All Things Cease to Appear by Elizabeth Brundage [A Book Review]

May 3, 2016

I was lucky enough to receive a complimentary three month subscription to the Book of the Month club.  I'm by no means obligated to write this review, but I decided to for this particular book.

When you first start reading Elizabeth Brundage, you are having dinner with the neighbors living nearest to the couple who moved to town recently - the Clares. Then there's a knock at the door - the husband, the unlikeable George Clare, is holding his child and the the little girl says to the couple who have opened their door to them, "Mommy's hurt."

Thus the mystery begins. Wife and mother, Catherine Clare has been killed. But by who? But wait, there's another story to tell first.

That's when we meet the original family who owned the farmhouse that the Clares now live in. The Hale family. And they suffered their family tragedy - one resulting in a death.

My first impression

There are no quotations in this book. You get used to it fairly quickly, though. It's definitely weird at first.

I noticed a lot of the words associated with this book are "chilling" and "haunted" and "suspense." Those aren't quite the words I would associate with this novel. Close, but not quite.

The mystery surrounding Catherine Clare's murder doesn't get addressed until much, much later in the book. What follows that initial scene is the background of the Hale family and the marriage between Catherine and her husband George. George proves to be a cunning, smarmy, unlikeable con who only seems to fall apart when his image is threatened. Catherine, more likeable, but annoyingly devoted to a man who she soon realizes doesn't like her one bit.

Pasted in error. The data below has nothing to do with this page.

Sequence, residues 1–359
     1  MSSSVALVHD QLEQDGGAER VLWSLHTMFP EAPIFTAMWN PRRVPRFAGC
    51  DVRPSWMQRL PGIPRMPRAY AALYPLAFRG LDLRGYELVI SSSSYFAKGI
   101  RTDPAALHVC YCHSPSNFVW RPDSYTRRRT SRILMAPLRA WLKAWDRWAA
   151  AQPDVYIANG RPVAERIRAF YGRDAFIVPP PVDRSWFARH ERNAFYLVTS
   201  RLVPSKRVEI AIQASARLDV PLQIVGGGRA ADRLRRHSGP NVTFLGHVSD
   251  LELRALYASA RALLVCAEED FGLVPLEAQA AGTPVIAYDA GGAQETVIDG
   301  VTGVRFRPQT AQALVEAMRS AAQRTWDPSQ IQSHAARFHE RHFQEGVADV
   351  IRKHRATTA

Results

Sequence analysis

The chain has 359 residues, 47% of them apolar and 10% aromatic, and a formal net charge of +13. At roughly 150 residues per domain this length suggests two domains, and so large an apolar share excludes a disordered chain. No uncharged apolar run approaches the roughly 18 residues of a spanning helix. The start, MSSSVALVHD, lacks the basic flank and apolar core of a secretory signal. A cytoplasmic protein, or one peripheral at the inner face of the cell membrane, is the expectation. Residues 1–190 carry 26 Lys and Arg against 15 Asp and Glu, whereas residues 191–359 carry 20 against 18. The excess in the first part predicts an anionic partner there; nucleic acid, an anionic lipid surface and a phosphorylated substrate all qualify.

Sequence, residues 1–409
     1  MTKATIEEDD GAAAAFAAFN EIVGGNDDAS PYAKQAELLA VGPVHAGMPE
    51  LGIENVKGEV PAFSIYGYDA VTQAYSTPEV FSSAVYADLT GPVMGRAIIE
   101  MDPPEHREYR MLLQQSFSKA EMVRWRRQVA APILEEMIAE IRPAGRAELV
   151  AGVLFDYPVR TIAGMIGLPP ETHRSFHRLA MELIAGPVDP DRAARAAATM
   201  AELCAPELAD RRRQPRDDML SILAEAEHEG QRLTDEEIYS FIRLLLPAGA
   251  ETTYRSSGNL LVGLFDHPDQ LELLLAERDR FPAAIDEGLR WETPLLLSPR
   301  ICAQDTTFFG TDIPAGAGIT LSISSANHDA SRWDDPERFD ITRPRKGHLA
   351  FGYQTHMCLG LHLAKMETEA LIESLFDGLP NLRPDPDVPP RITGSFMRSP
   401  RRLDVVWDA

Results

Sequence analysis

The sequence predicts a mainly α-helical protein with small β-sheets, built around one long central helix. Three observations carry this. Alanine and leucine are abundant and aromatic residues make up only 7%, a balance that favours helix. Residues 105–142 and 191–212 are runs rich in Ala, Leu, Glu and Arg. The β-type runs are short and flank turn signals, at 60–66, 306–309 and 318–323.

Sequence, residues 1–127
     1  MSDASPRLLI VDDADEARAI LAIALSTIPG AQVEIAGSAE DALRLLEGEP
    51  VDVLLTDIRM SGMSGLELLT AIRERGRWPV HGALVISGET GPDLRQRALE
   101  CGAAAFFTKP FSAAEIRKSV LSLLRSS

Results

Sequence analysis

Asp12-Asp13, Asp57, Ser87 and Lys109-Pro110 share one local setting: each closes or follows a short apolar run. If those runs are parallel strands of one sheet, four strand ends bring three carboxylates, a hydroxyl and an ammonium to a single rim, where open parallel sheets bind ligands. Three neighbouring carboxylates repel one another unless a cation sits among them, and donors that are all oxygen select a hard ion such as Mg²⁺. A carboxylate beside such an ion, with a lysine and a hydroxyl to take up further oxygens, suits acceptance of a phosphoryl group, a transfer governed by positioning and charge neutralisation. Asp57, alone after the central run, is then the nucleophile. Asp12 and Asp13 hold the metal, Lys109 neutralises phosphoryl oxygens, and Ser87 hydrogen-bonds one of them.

Then the Hale boys. All three are troubled, all are likeable. You meet Cole who becomes more part of the story than the other two, especially with his loving nature towards Catherine's daughter. The three boys are strongly connected to Catherine as she makes a home for her family in the farmhouse they used to grow up in.

The farmhouse itself is haunted, although don't expect the usual jumps and creepiness you'd find in a ghost story. This isn't like that. It's more like the awareness of another presence in the room and the memories of the death that happened in the Hale family that Catherine doesn't quite figure out until later too.

My overall impression

This is a book filled with unhappy people trying to make their life work. It was a book that switched around points of view a LOT and once I felt like I got going with a character, it would switch around. It felt like I was riding in a car with a person who kept pressing the breaks.

But this book did keep me interested and coming back to it. I wanted to see how the lives of these characters played out. And despite how I knew things were ending up for Catherine, I wanted her in some way to get out of the situation.

I would recommend this book, especially if you sort of are interested in a challenging, troubling mystery that keeps you coming back for more. Not my top five picks but certainly worth reading. It stays with you.

Last week I wrote a blog post asking, will justice be done? Will Catherine's killer get away with it or will he (or she) be caught?

Well....I can't tell you without giving too much away. I can tell you it isn't quite the clear cut ending and justice that I was hoping for, but it was worth it. The ending was fair and that's pretty awesome to me.

If you want to read this book, purchase it now through Amazon. I also highly recommend signing up for the Book of the Month Club. They're offering a 30% off a 3-month subscription if you use the coupon code MAY30. Purchase the subscription today!

This post contains affiliate links for which I will receive small compensation if you purchase through my link. Which pays for things like coffee.
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